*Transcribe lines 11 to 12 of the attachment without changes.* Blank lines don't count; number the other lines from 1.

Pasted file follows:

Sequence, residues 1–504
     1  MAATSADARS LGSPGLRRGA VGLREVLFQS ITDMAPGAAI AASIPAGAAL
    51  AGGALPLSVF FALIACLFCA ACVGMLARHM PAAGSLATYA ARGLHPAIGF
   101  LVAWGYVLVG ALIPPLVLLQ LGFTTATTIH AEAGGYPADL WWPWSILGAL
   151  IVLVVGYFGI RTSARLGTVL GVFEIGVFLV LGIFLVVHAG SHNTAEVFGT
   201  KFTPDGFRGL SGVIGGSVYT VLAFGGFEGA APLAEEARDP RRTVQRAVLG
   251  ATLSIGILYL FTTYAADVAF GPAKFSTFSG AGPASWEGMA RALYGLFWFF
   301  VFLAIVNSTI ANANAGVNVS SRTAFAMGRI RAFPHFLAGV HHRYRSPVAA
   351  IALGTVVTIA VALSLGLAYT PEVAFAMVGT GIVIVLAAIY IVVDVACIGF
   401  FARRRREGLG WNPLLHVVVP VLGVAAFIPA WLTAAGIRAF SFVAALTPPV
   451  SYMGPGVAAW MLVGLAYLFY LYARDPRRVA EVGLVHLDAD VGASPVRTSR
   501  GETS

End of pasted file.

   451  SYMGPGVAAW MLVGLAYLFY LYARDPRRVA EVGLVHLDAD VGASPVRTSR
   501  GETS